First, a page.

I wanted some ideas for a mockup for a preferences page. Basic problem is how to deal with global preferences - e.g. I only want to get SMS not email conflicting with product preferences - e.g. some emails send documents so you can't use SMS only. So I need to mockup two options

Global comms opt out – do we:

  1. Let them opt out and tell them which services will break OR
  2. Not let them opt out and tell them which products are overriding their preferences

Does anyone have some design patterns or know of a website that solves this problem

2 Answers 2


There are at least two concerns to input validation,

  • Flag to the user that the selection is invalid
  • Prevent dirty data from being saved

If your user first chooses a square peg and then chooses a round hole, it could be that upon discovering a conflict she changes her mind and makes a decision for round pegs and holes instead. Allowing her to enter a round hole (even with a square peg) will help avoid her having to go back and first enter the round peg and then move back to the round hole option. That's three field navigations the user has to do instead of four, which I would consider to be a user-friendly implementation.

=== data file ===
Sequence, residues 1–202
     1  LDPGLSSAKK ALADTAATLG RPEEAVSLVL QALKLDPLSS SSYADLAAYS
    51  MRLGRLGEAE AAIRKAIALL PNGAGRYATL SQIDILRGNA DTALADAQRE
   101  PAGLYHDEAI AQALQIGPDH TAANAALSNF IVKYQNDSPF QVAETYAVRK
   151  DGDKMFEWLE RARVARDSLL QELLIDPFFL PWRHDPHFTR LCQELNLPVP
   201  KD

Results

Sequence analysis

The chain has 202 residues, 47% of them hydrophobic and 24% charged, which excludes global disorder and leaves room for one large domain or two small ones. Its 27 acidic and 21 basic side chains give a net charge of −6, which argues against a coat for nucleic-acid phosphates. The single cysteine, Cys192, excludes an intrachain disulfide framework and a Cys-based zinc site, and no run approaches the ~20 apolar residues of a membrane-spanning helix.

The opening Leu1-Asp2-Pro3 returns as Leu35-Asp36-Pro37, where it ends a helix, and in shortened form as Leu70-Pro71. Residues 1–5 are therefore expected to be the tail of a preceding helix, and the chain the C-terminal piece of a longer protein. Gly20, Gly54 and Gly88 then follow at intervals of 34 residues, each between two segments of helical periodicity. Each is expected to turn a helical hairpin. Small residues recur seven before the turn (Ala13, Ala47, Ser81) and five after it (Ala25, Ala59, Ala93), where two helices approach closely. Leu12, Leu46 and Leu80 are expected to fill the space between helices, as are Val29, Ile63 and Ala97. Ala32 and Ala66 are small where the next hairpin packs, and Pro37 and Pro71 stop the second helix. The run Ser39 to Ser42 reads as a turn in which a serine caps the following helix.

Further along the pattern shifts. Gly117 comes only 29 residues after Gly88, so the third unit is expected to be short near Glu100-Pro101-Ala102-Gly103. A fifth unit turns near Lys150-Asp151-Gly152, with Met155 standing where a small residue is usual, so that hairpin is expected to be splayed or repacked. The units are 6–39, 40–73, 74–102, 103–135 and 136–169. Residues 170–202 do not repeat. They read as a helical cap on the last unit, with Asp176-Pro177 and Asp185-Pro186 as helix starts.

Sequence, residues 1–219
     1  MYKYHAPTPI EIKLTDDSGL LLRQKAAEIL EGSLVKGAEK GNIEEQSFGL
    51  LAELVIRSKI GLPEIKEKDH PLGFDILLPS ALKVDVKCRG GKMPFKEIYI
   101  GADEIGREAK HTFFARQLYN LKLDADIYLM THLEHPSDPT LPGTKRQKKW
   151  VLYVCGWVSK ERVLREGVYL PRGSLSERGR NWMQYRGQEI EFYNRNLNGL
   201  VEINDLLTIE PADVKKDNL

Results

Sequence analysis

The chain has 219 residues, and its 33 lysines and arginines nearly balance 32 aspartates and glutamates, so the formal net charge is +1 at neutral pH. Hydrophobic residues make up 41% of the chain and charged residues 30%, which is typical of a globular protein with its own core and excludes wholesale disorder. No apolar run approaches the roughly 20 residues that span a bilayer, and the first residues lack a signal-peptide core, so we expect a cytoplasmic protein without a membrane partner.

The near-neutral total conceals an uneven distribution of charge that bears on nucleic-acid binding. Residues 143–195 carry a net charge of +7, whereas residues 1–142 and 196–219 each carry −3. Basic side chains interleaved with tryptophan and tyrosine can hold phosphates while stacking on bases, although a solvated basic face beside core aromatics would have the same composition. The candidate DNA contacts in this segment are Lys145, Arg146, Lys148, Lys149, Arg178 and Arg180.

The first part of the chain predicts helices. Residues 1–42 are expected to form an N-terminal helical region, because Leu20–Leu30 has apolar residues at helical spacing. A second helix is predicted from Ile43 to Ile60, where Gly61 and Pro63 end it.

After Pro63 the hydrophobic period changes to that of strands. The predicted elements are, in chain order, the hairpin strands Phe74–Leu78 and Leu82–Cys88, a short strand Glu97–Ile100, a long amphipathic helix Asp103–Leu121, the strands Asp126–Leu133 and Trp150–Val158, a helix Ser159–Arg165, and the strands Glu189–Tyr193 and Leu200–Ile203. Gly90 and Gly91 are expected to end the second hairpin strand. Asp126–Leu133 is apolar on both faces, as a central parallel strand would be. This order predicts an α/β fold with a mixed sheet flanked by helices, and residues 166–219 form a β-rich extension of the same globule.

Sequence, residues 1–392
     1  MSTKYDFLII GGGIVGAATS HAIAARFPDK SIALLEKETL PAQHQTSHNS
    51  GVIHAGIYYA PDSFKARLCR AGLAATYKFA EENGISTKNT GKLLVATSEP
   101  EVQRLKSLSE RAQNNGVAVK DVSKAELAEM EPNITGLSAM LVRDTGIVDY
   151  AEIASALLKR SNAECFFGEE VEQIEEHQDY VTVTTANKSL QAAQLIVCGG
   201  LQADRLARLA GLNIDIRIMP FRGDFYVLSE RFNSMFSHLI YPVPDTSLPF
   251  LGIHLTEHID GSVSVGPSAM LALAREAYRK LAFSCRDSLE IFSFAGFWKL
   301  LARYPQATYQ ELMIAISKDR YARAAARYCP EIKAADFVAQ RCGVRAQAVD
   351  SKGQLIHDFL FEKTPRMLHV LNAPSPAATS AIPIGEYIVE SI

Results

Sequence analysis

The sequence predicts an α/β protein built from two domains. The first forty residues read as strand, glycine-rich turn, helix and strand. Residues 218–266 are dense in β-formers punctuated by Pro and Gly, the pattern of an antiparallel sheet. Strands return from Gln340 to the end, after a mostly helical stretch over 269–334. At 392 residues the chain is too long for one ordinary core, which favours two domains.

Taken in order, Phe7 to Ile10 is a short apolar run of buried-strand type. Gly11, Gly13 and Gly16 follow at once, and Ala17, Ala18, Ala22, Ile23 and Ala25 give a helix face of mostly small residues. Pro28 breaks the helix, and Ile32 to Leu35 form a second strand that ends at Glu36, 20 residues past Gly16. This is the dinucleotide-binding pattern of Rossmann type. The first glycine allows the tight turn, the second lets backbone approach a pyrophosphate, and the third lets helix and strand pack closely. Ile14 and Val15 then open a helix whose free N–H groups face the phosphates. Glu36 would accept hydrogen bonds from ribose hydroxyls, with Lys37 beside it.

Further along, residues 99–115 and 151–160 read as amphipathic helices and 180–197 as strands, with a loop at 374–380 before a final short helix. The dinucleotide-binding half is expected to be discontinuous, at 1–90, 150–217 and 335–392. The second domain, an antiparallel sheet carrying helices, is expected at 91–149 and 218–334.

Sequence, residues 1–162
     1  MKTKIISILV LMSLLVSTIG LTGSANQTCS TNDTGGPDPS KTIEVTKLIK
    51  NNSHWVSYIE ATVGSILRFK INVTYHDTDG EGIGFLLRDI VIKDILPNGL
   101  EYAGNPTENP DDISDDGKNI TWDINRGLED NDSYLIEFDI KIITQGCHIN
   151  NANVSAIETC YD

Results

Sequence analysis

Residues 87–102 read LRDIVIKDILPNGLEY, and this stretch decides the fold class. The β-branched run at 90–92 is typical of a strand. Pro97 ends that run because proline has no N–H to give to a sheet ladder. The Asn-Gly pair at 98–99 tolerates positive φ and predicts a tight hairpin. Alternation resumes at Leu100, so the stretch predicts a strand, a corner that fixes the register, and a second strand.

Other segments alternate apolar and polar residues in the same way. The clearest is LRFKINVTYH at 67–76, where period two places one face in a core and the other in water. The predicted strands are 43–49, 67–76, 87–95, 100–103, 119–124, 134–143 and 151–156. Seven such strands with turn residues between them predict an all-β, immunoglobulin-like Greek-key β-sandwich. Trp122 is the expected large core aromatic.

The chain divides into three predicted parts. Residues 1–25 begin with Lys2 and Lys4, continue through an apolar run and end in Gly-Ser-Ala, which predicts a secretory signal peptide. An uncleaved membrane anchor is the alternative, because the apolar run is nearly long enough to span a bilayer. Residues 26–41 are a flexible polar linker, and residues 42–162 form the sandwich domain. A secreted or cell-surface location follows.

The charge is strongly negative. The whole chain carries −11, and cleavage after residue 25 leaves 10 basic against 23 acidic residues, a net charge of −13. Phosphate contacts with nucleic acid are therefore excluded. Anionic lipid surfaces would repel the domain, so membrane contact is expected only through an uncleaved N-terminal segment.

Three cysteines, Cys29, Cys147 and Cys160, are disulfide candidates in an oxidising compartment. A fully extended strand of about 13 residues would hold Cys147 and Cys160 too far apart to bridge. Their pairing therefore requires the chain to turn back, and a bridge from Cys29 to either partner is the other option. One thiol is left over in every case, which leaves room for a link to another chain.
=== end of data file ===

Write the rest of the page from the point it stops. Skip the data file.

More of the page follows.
At form submission, there are also at least two options when it comes to dirty data:

  • Either the data is so bad that it would lead to system errors, in which case the user has to be confronted with a hard error,
  • Or the combination of preferences might lead to a reduced usability of certain features for the user, in which case an "are you sure? you can return to solve this problem later." message could be appropriate

One website where I find this particularly user-friendly is the configuration panel for the e-store at Falcon Northwest. You can check it out and try to intentionally make a conflicting configuration to see how they implemented it here. The simplest conflict arises on this site when you add components that require power, but you don't upgrade the power supply.

  • Thanks Mishax - great answer - nice concise summary of the data structure - I'll check out the site. Commented May 21, 2014 at 23:22
  • Thanks Renaud - problem is the files are critical to the business process (which I should have mentioned) so that's equivalent to going with option 1. I'm a BA but I don't have access to UX support currently so I'm just trying to put the options in an easily understandable format to the business. Commented May 21, 2014 at 23:24

Both solutions will create frustration to the user and you have to avoid that. The purpose of your interface is to be perfectly adapted so the user cannot do something impossible.

In your exemple, why don't accept to send him an sms but inform him that he won't get the files

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